T board approves ‘unique’ union contract
Sources say agreement spawned internal fight
THE MBTA’S OVERSIGHT BOARD on Monday approved a new contract with its largest management union, bringing to an end what some sources have described as an internal fight over T labor policy.
The contract with Local 453, which represents about 400 of the T’s 600 union managers, covers the three-year period beginning July 1, 2015, and running through June 30, 2018. The agreement calls for a wage increase of 2.5 percent in the first year, a 3.5 percent increase in the second year, and a 3.5 percent increase in the final year. The two, 3.5 percent increases are a departure from other union contracts the T has negotiated with other unions and represent an added cost of $963,000, officials said.
The Local 453 contract also halts a deferred compensation plan, but only for new members of the union. The deferred compensation plan has not been funded adequately in the past, resulting in a liability for the T of about $80 million, officials said. By ending the program for the estimated 40 employees who join the union each year, T officials said the new contract will save the transit agency money in the long run.
John Englander, the T’s legal counsel, described the contract with Local 453 as unique and said it should not be construed as a departure from the pattern established by contracts with other unions. “Given the T’s current fiscal priorities and constraints, the results of collective bargaining through FY2018 should give rise to no expectations for the next round of bargaining,” Englander noted in his slide presentation, which put the word no in bold.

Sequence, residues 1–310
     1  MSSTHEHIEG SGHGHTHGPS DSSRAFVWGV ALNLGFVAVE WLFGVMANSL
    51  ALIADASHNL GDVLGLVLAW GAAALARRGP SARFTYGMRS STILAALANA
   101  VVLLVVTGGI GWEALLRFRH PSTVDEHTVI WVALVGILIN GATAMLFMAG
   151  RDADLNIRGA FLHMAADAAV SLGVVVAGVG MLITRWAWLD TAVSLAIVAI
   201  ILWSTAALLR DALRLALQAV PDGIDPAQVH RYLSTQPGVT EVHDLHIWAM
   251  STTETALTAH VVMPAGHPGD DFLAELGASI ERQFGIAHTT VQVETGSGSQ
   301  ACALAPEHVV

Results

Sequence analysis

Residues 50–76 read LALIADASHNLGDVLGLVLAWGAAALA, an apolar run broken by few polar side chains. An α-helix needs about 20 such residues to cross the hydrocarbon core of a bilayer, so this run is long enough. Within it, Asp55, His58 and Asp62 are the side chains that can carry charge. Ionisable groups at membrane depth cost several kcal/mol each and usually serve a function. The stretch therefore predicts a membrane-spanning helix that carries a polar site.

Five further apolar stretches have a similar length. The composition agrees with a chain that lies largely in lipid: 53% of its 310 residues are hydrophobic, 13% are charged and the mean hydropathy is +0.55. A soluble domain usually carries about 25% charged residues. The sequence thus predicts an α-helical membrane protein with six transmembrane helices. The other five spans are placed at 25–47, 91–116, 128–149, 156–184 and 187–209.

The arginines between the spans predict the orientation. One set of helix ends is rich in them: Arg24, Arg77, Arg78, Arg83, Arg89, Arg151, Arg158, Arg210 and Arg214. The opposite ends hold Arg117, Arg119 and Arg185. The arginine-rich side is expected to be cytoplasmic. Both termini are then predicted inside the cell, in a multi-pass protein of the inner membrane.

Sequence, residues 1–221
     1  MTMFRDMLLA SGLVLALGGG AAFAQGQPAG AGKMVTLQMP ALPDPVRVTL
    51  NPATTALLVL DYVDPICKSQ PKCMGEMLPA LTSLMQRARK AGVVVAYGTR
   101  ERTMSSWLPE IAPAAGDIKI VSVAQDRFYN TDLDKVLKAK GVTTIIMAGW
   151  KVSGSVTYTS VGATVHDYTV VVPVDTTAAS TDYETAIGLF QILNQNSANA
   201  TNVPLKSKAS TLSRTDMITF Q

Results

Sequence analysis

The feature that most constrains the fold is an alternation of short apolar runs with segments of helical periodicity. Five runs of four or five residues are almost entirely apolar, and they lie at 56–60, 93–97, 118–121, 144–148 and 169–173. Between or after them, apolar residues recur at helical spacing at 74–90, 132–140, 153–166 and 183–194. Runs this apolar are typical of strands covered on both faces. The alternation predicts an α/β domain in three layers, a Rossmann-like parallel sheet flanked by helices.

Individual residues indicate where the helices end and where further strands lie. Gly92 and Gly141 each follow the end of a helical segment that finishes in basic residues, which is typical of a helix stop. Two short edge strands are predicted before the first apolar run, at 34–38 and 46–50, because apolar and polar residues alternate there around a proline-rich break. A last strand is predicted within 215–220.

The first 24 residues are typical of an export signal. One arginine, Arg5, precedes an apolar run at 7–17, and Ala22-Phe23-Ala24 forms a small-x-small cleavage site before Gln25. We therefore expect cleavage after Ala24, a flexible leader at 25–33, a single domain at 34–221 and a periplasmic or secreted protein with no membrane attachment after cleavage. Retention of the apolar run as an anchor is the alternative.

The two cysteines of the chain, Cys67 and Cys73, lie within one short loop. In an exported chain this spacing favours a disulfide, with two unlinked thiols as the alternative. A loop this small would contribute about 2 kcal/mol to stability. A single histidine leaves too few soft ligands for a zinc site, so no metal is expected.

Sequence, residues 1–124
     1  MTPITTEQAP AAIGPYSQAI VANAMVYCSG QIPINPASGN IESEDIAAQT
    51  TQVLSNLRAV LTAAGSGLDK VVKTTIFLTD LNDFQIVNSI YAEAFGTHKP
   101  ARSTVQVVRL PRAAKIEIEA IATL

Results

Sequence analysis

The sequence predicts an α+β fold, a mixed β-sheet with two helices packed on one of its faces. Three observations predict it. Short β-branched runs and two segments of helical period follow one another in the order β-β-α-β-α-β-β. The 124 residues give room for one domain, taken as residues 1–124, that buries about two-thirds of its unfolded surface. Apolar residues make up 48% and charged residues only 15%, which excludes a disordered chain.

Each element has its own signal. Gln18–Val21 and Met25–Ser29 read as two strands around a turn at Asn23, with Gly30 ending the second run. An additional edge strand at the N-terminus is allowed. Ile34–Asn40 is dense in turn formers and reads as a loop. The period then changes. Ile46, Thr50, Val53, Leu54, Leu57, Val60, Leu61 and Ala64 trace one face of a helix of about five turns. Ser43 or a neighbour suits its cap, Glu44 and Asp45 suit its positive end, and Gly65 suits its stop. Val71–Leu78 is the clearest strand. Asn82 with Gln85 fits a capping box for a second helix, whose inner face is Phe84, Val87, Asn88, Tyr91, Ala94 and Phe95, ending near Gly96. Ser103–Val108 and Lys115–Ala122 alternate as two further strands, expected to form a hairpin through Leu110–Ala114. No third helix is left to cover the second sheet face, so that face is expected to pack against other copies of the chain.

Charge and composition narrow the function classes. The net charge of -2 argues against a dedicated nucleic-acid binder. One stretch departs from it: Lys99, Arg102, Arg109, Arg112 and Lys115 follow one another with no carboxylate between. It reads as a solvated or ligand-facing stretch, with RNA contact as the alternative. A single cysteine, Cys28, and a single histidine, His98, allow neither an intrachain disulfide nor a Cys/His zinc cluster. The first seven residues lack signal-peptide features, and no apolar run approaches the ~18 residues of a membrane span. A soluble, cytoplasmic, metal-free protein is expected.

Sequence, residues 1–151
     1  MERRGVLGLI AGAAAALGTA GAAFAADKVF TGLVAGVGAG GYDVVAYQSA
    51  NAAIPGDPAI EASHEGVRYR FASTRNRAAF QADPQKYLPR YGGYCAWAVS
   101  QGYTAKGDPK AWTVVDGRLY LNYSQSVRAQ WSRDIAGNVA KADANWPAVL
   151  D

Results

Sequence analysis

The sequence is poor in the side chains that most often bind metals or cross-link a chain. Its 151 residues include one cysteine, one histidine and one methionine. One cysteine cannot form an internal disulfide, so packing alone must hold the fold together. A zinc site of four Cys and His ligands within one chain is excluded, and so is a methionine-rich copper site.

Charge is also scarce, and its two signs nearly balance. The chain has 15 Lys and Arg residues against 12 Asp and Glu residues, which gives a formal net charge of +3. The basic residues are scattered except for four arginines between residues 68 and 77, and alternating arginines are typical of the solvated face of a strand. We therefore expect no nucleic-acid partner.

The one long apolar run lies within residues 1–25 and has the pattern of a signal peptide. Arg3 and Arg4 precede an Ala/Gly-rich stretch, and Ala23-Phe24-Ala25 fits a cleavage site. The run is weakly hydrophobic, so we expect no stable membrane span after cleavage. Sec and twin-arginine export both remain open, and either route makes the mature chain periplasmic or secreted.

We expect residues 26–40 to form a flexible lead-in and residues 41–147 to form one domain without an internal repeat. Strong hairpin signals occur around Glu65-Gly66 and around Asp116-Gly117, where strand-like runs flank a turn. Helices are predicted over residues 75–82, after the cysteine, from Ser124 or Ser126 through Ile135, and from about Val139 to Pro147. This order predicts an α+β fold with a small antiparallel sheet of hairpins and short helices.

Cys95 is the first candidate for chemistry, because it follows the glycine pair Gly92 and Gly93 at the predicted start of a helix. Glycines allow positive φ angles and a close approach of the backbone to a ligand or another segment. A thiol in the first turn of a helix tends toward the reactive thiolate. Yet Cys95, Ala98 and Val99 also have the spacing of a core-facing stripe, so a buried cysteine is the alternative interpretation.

Sources say some members of the control board became concerned earlier this year at how the T’s negotiations with Local 453 were carried out. One source said the T’s negotiators did not follow the board’s orders, but that could not be confirmed as board members and T officials declined to comment on what was discussed in executive session.
As she left the board meeting, Calise said she voted against the contract because the money to fund it had not been budgeted. “We’ve set ourselves up for $1 million that wasn’t planned for,” she said, adding that the terms of the contract create a structural deficit for the T.Poftak declined to comment on Calise’s concerns, but acknowledged that “the contract will be a challenge to fund.”
Mark McLaughlin, president of Local 453, a unit of the Office and Professional Employees International Union, did not return repeated phone calls and emails.